A couple of months back I was searching through box after box for my dad’s military records. At one point I had them all in one place – unfortunately life happened and now they are either scattered amid various file boxes or simply lost, existing no more.
The reason I was looking for these records was that my nephew needed proof showing his Grandfather had served during the Korean War. He entered a ‘American Legion’ contest that involved a sizable scholarship.
After pulling box after file after crate from storage I could only find a few pieces paper from Dad’s life 65-years ago. So as the self-appointed keeper of the family history, shame on me.
One thing I did find was an intriguing typed page that reads: “Translated from an article in the Korean language newspaper Inchon Shinbo, dated 31 January 1954.”
With the fear-mongering news reports about North Korea’s potential to fire a nuclear missile at Guam, Hawai’i or Washington D.C. and all cities in between, I figured now would be a good time to remind ourselves that we are a good nation, based on decent people who are willing to sacrifice time, energy and money to help those in need.
Returning to the typed page from my father’s military records, it comes with a note at the bottom which reads, “In a translation from Korean to English, a direct interpretation is impossible as many words do not follow one-another; so the meaning alone has to be translated.”
“American Air Police Rescue Sick Orphan; Going to Send to Japan for Surgical Treatment,” states the headline in all caps.
“American Air Police, Darby Thomas J. and Jack E. Flick, in the 67th Tactical Reconnaissance Wing, found a Korean limping orphan, Im Chan Sik who are starving on roadside beside post two (2), and sent him to the Belgium Hospital in Seoul for consulting doctor in November 1953. They had him enter to the Italian Hospital in Yong Dong-Po about one month after for another surgical treatment. But it didn’t effect a cure completely in spite of spending two hundred (200) dollars. Therefore they are going to send him to Japan for surgical treatment.”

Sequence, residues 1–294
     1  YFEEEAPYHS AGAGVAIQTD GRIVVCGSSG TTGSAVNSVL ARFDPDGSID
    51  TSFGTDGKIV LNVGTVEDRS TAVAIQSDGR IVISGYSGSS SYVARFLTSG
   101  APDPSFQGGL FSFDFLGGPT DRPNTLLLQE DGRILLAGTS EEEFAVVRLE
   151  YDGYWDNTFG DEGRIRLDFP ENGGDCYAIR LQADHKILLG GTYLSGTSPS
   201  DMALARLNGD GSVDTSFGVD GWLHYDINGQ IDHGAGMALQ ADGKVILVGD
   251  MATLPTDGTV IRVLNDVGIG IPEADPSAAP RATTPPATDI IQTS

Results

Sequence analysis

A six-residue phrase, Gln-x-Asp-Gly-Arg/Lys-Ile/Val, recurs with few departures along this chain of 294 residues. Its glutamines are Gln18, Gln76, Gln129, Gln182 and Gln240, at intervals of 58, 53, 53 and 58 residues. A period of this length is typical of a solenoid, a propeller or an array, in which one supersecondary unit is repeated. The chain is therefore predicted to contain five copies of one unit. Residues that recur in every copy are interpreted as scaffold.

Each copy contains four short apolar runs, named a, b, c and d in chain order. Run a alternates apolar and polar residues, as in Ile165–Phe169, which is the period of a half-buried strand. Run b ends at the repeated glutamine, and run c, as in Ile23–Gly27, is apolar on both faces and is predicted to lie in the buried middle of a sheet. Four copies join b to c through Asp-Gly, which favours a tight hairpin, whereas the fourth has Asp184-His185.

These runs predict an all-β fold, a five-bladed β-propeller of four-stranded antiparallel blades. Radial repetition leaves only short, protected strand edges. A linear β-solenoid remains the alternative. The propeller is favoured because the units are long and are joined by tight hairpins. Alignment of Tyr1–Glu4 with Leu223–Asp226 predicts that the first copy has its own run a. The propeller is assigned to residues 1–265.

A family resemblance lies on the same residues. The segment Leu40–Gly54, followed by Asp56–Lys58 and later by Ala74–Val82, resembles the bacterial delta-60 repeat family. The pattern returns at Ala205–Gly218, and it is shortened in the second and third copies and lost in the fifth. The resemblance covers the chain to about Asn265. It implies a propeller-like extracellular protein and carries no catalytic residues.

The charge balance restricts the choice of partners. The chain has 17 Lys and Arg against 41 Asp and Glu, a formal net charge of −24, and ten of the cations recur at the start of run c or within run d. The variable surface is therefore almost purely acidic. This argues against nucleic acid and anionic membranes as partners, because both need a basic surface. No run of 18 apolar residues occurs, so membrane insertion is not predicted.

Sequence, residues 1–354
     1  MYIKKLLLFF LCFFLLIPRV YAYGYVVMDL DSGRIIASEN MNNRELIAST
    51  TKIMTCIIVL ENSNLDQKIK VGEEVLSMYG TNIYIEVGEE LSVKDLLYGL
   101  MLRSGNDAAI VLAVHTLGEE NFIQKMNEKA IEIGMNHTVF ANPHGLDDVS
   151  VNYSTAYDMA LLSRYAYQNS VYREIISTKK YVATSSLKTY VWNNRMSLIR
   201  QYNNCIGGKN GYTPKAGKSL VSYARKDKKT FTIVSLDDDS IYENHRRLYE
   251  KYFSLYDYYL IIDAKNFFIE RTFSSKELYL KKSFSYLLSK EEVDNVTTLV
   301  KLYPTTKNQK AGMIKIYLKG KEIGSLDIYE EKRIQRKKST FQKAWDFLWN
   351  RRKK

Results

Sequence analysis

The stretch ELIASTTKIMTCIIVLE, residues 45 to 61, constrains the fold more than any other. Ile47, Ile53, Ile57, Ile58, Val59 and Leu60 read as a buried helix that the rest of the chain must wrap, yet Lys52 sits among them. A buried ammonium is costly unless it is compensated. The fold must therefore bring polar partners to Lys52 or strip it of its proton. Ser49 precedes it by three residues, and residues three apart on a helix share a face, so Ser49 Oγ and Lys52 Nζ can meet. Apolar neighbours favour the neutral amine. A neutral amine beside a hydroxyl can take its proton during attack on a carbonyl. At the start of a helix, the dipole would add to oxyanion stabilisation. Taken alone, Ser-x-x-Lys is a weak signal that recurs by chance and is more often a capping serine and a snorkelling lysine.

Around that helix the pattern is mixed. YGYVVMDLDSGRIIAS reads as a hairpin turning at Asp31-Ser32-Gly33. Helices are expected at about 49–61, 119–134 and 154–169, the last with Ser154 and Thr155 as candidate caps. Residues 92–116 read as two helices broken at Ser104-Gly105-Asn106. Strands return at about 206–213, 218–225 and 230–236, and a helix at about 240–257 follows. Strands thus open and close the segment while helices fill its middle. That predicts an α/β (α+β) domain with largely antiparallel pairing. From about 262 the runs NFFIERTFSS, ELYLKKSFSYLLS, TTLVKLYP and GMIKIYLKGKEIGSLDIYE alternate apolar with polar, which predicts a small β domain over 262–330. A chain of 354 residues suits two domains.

Oh, how I’d love to find a copy of this particular article in the original Korean and then to learn what became of the orphan, Sik.
Oddly, most of us think of the Korean War as being a long past event that was the back drop to the TV show, “M.A.S.H.” And though it was never declared a true ‘war,’ but rather delegated the dubious title of ‘police action,’ the conflict, the deaths, the suffering and the assistance rendered was all very real for a people who needed defending from the oppressive yoke of Communism.
The final sentence in this hidden treasure, that once belonged to my father and written over 63-years ago, pretty well sums up how American intervention in that ‘forgotten war,’ came to be seen by the Korean people, who were forcibly divided into separate countries by the United Nations to prevent further blood-shed. It reads: “It is said that all Koreans who know this fact praise their goodwill to a Korean orphan, and appreciate their friendship to Korean people.”
Thank you Dad, for showing me (and now others) that humanity does exist in the face of war.